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Norton Strange Townshend

Norton Strange Townshend (December 25, 1815 – July 13, 1895) was a United States Representative from Ohio.

Norton Strange Townshend
Norton Strange Townshend.jpg
Member of the U.S. House of Representatives
from Ohio's 21st district
In office
March 4, 1851 – March 3, 1853
Preceded byJoseph M. Root
Succeeded byAndrew Stuart
Member of the Ohio House of Representatives
from the Lorain County district
In office
December 4, 1848 – December 2, 1849
Preceded byElah Park
Succeeded byJoseph L. Whiton
Member of the Ohio Senate
from the 27th district
In office
January 2, 1854 – January 6, 1856
Preceded byAaron Pardee
Succeeded byHerman Canfield
Personal details
Born(1815-12-25)December 25, 1815
Clay Coton, Northamptonshire
DiedJuly 13, 1895(1895-07-13) (aged 79)
Columbus, Ohio
Resting placeProtestant Cemetery, Avon, Ohio
Political partyDemocratic
Alma materColumbia University College of Physicians and Surgeons

BiographyEdit

Born in Clay Coton, Northamptonshire (England), in 1830 he migrated to the United States with his parents, who settled in Avon, Ohio. He educated himself by the use of his father's library, taught a district school for a short time, and was graduated from the Columbia University College of Physicians and Surgeons in New York in 1840.

Townshend was a delegate to the World's Anti-Slavery Convention in London in 1840,[1] but he was not included in the commemorative painting with other important delegates. He studied medicine in the hospitals of London, Paris, Edinburgh, and Dublin, and in 1841 engaged in the practice of medicine in Avon, Ohio. He moved to Elyria, Ohio, and was a member of the Ohio House of Representatives in 1848 and 1849. He was a delegate to the State constitutional convention in 1850 and was elected as a Democrat to the Thirty-second Congress (March 4, 1851 – March 3, 1853).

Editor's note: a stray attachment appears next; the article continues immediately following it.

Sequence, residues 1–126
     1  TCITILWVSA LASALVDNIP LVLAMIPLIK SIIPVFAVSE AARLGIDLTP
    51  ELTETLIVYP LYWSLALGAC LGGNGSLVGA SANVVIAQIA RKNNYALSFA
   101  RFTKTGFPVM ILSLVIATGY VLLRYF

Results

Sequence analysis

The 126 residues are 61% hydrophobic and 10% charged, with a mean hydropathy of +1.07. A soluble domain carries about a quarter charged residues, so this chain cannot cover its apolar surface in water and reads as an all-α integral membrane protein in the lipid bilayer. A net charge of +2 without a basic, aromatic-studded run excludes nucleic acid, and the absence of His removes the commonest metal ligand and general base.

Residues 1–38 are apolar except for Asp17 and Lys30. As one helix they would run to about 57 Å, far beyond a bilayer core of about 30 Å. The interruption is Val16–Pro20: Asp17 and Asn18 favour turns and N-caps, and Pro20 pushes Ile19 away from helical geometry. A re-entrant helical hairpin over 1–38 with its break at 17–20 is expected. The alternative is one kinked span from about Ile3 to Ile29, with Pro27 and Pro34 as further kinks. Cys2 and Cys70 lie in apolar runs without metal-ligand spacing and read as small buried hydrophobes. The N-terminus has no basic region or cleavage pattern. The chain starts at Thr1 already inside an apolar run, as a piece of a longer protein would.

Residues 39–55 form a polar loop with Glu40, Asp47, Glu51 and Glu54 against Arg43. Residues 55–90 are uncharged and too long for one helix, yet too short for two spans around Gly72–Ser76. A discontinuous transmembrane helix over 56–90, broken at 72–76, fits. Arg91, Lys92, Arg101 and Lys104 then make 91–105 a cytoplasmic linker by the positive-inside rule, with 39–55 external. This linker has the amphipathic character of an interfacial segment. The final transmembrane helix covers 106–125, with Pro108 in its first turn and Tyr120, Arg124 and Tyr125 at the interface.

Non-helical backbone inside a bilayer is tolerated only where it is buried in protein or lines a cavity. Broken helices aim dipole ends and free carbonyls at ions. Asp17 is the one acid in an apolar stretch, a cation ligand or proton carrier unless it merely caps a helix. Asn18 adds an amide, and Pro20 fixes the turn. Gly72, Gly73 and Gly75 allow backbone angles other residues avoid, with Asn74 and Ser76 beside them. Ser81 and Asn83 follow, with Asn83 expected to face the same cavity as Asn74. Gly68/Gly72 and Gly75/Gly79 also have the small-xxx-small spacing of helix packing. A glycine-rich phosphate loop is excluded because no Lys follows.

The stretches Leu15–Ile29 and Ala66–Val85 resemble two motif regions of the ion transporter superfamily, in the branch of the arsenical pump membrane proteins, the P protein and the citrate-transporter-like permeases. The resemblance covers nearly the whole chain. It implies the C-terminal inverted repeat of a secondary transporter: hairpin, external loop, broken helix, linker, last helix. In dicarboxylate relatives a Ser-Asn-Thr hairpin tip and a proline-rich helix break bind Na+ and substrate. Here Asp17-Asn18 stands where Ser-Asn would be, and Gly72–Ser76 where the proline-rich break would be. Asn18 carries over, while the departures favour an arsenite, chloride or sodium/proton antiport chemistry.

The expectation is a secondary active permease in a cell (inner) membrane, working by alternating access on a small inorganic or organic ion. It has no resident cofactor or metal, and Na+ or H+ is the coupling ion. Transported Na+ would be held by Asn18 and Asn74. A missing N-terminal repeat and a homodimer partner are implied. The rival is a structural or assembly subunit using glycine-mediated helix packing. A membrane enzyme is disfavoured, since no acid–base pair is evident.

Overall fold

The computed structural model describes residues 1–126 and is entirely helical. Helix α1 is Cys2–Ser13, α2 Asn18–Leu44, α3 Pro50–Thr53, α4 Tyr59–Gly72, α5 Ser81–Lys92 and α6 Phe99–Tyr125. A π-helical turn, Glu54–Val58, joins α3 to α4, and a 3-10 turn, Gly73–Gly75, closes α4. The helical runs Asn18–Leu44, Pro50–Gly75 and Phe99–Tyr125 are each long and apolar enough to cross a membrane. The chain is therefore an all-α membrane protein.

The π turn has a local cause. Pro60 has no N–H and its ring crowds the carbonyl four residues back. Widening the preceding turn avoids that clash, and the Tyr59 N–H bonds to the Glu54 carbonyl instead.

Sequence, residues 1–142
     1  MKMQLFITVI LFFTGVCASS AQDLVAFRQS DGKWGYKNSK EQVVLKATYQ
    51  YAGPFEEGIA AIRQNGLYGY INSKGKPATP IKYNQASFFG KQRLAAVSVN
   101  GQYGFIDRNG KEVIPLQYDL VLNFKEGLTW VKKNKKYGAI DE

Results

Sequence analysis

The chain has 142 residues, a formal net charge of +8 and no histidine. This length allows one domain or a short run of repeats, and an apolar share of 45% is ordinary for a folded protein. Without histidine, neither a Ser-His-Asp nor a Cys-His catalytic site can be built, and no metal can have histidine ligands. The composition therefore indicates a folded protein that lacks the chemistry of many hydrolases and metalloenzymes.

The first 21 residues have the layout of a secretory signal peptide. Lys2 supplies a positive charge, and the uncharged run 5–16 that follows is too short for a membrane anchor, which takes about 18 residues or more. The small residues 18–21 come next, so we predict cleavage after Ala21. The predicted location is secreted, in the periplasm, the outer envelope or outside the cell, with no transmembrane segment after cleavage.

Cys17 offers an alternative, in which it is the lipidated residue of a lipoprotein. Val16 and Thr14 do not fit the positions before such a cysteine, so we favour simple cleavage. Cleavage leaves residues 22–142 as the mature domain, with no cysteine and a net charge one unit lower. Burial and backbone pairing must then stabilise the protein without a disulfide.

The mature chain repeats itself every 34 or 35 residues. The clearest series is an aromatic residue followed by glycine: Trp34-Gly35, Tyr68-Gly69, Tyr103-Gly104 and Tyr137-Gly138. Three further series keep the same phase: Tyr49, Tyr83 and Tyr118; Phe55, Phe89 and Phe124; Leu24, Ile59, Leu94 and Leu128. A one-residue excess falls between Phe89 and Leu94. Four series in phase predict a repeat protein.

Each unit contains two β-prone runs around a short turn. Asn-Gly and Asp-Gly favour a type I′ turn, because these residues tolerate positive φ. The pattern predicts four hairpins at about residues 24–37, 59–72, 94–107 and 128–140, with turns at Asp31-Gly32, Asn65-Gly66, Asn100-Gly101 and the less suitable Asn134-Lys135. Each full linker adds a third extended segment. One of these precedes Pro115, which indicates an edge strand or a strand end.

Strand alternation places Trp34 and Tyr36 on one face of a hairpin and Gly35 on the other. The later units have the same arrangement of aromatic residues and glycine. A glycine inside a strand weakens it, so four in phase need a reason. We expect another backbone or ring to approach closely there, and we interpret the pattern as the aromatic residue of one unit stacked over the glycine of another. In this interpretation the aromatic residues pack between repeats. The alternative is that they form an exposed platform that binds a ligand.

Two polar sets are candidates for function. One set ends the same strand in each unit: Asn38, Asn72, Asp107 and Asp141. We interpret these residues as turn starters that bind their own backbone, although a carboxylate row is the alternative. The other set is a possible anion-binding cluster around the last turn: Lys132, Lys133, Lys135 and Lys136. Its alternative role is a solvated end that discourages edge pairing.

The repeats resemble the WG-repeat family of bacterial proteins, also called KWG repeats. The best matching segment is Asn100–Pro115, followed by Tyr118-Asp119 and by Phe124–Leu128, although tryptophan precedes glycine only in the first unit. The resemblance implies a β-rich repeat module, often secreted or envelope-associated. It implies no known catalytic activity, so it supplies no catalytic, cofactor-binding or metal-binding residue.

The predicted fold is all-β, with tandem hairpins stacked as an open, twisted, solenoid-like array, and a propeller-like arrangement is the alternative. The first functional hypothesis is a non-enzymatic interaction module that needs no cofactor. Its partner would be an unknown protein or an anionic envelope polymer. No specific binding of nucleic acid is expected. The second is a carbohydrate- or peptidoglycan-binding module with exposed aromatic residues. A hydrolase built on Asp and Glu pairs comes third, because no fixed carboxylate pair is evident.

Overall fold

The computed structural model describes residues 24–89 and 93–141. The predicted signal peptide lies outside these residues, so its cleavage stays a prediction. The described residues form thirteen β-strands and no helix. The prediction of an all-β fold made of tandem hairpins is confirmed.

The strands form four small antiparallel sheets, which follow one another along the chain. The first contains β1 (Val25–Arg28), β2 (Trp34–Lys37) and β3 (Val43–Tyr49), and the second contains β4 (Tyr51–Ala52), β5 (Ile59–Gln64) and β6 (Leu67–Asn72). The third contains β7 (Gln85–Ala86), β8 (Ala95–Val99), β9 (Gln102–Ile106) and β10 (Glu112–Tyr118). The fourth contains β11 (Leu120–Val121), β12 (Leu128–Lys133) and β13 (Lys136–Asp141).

In 1854 and 1855, Townshend was a member of the Ohio Senate and during the American Civil War was a medical inspector of the Union Army with the rank of lieutenant colonel from 1863 to 1865.

He engaged in agricultural pursuits near Avon, was director of the State board of agriculture from 1858 to 1869 and 1886 to 1889, was professor of agriculture in Iowa Agricultural College in 1869, and was appointed in 1870 as one of the first trustees of Ohio Agricultural and Mechanical College. He resigned in 1873 to become professor of agriculture in the new State college and served until his resignation in 1892 when he became professor emeritus. Townshend died in Columbus, Ohio in 1895; interment was in Protestant Cemetery, Avon, Ohio.[1]

The Norton Strange Townshend Family Papers are located at the William L. Clements Library in Ann Arbor, Michigan.

Townshend Hall on the campus of Ohio State University was named for the professor on May 19, 1896.[2]

ReferencesEdit

  1. ^ a b
    • United States Congress. "Norton Strange Townshend (id: T000338)". Biographical Directory of the United States Congress. Retrieved on 2013-02-02
  2. ^ "Townshend Hall - Buckeye Stroll". osu.edu. Retrieved 2012-11-26.

External linksEdit